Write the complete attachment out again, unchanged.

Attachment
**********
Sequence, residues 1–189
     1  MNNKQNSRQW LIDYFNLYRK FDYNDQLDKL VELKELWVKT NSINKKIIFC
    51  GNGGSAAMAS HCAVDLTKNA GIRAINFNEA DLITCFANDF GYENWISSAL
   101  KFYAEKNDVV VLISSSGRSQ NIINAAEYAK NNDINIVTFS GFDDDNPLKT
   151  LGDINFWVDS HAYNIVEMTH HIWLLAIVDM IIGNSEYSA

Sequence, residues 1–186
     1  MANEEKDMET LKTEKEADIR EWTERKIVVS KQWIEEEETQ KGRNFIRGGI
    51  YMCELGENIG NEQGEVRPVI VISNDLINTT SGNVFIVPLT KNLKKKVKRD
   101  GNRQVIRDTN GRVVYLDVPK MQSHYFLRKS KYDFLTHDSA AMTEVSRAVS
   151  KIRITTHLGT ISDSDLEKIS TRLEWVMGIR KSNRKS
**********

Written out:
Sequence, residues 1–189
     1  MNNKQNSRQW LIDYFNLYRK FDYNDQLDKL VELKELWVKT NSINKKIIFC
    51  GNGGSAAMAS HCAVDLTKNA GIRAINFNEA DLITCFANDF GYENWISSAL
   101  KFYAEKNDVV VLISSSGRSQ NIINAAEYAK NNDINIVTFS GFDDDNPLKT
   151  LGDINFWVDS HAYNIVEMTH HIWLLAIVDM IIGNSEYSA

Sequence, residues 1–186
     1  MANEEKDMET LKTEKEADIR EWTERKIVVS KQWIEEEETQ KGRNFIRGGI
    51  YMCELGENIG NEQGEVRPVI VISNDLINTT SGNVFIVPLT KNLKKKVKRD
   101  GNRQVIRDTN GRVVYLDVPK MQSHYFLRKS KYDFLTHDSA AMTEVSRAVS
   151  KIRITTHLGT ISDSDLEKIS TRLEWVMGIR KSNRKS